Finally, this coming Saturday local band Woodswork (possibly along with others, I do not know) is going to be performing along with previously-mentioned on Radio KRUD Carbon Leaf in Federal Hill in Baltimore on Cross Street - $3! Depending on my schedule for the day I might be going... Check their sites for more info.

Sunday, September 19, 2004

Drain S.T.H. & Denali

Lately I've been listening to my Drain S.T.H. CD, Freaks of Nature, a lot. It's been a while, so I'm reminded of just how good they are. Drain S.T.H. is a band from Stockholm, Sweden that formed in 1993. Their music is mostly a fusion of grunge and heavy metal, but it separates itself from the likes of Alice in Chains and Soundgarden. However, I don't think they were taken as seriously by audiences as they should have been because, as All Music Guide puts it, "they were simply too drop-dead gorgeous to be taken seriously by the notoriously chauvinistic metal masses." And they are really good-looking. But you don't even think of that when you listen to their music.

Their first album, Horror Wrestling, definitely sounds heavier than Freaks of Nature. the album I have. Horror Wrestling includes a cover of Motorhead's song "Ace of Spades" done at a quarter-speed of the original song. It's just as heavy, but it has distinctly a darker feel to it. I'll admit to not having heard much of this album. Can you tell? Hehehe...

Anyway, saying that Horror Wrestling is heavier than Freaks of Nature is not a knock on the latter. In fact, I would say that that's a bonus for Freaks of Nature. That means that it has more variety on it. The first track, "Enter My Mind," is an all-out assault of raging guitars and pummeling percussion and the next two tracks continue keep up that vibe. Then "I Wish..." takes it down a notch without making the album seem bipolar. After that track, the album gradually gets heavier and will sometimes reach that point of extreme heaviness created by the first three tracks and sometimes stay on the borderline.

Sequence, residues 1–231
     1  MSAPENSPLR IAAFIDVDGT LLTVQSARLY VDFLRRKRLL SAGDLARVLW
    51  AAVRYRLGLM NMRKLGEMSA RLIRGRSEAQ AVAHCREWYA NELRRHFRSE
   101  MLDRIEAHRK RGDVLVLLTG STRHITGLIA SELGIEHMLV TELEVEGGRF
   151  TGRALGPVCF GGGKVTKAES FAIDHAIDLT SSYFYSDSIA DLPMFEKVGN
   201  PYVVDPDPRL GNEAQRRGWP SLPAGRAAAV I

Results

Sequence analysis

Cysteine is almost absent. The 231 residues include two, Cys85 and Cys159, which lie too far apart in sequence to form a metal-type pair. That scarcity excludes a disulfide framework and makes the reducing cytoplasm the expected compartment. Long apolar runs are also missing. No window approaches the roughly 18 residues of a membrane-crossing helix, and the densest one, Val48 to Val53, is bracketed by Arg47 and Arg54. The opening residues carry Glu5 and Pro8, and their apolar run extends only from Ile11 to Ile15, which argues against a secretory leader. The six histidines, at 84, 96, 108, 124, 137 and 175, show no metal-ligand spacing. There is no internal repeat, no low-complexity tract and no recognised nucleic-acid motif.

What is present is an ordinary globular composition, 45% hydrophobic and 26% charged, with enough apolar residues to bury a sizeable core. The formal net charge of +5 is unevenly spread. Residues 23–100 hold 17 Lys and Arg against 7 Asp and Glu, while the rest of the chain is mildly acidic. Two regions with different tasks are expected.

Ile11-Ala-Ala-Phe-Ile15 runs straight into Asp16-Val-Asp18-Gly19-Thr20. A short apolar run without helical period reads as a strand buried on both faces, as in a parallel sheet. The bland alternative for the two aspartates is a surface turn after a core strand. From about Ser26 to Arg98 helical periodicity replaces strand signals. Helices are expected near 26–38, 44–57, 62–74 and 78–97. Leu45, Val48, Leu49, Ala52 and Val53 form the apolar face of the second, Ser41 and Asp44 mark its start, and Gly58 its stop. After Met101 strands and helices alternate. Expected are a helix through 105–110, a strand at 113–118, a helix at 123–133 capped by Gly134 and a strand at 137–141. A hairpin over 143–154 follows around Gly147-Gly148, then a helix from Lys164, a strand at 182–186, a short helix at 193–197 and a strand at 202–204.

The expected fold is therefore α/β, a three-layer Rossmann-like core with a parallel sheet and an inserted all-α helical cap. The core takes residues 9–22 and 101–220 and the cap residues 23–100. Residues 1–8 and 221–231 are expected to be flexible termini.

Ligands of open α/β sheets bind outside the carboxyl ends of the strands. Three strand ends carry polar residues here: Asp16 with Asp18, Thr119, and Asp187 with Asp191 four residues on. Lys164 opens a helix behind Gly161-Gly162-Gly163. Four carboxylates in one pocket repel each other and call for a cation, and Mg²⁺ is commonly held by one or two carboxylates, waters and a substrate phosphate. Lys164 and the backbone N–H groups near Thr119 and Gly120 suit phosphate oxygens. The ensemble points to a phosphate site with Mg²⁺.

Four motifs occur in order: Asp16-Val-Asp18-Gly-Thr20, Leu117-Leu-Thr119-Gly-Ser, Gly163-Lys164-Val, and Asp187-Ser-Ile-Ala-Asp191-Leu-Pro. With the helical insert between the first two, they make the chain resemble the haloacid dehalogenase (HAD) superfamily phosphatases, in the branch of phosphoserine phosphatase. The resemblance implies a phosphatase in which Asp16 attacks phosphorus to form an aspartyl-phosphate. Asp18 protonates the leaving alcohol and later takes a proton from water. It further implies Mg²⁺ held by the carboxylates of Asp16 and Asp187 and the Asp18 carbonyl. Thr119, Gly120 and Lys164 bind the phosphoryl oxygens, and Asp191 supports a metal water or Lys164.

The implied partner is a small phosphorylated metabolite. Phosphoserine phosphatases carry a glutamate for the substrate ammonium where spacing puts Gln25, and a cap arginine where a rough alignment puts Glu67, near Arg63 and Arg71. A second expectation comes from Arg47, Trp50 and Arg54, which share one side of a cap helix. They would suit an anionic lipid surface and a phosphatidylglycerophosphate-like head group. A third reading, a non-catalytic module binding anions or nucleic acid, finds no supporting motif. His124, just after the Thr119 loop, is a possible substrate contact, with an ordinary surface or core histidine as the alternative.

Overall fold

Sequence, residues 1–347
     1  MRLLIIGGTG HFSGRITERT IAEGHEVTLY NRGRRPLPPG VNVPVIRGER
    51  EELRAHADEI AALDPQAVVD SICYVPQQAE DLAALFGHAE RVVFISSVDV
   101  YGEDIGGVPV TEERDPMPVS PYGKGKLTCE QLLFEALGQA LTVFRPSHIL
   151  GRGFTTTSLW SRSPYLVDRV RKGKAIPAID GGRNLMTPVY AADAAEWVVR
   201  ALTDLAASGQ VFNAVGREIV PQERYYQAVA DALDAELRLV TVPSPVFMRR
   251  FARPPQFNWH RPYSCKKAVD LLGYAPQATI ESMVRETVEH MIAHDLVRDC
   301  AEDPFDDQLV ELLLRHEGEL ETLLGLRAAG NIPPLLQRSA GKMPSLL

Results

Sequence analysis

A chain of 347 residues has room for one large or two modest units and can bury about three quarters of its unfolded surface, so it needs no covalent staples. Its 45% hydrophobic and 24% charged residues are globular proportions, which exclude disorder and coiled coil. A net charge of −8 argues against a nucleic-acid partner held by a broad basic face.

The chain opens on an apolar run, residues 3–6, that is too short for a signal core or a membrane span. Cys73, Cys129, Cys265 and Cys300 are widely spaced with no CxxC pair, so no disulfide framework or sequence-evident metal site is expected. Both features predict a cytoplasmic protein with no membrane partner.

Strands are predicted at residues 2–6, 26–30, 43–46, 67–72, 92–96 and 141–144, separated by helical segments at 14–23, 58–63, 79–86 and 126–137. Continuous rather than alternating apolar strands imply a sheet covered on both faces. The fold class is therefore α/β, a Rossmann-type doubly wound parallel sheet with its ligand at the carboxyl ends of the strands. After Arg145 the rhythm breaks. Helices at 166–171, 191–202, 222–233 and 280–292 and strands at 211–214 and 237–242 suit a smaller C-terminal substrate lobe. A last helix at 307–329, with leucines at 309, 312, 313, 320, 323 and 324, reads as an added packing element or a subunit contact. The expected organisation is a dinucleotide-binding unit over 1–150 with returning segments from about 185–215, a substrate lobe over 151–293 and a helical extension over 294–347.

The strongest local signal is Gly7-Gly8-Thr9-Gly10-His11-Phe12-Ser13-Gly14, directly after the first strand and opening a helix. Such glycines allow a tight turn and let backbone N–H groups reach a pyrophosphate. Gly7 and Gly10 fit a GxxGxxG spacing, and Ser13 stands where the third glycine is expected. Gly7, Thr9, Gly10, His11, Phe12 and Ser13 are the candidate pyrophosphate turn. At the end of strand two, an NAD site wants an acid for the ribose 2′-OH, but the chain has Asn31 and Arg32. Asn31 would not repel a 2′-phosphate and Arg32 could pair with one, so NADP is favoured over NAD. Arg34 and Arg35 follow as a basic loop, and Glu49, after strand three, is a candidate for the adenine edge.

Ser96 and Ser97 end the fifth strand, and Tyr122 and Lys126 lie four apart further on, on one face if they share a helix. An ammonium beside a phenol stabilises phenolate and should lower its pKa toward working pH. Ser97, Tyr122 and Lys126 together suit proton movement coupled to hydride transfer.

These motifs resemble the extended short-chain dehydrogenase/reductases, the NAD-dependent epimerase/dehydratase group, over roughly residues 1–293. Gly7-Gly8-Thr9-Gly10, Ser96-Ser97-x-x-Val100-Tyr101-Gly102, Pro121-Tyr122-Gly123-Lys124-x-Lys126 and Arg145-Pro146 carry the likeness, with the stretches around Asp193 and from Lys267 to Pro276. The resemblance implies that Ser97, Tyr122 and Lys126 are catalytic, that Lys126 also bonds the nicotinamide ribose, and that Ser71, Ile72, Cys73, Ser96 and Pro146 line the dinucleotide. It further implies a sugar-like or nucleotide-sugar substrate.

I would also say that Freaks of Nature outdoes Horror Wrestling and most other bands of their genre in that they have a very unique and distinguishable sound. If not because of the lead vocalist's grindingly beautiful voice, but also because of the band's compositional skills. So all those who read this should check out Horror Wrestling and Freaks of Nature, the full albums they released before their break-up in 2000.

And just because I feel guilty about not connecting people to music, I'll link to an indie rock band called Denali. They've got an interesting sound that I really enjoy. I'm addicted to their song called "Hold Your Breath," which, conveniently enough, is available for downloading from their site. So go to and poke around.

"Doctor Who" - Orbital

If you haven't heard, Meaghan and I have been interviewed about Radio KRUD over at The Tofu Hut! Welcome to new KRUD listeners as well! It was lots of fun participating, so much thanks to John as well as the betterPropaganda crew (where the interview will be showing up eventually as well). Hope you enjoy our little corner of the intarweb e-zone!

I was trying to think of a good song to post and was in the middle of browsing my iTunes library while starting to watch "Dr. Who" on tv when I heard the intro used in this live cover of the opening theme as done by Orbital. I've heard that it's on their cd "The Altogether" as the song "Doctor?", and I've been meaning to pick it up for a while but haven't seen it around - I'll have to take a look-see when I go out on some errands tomorrow and see if I can find it.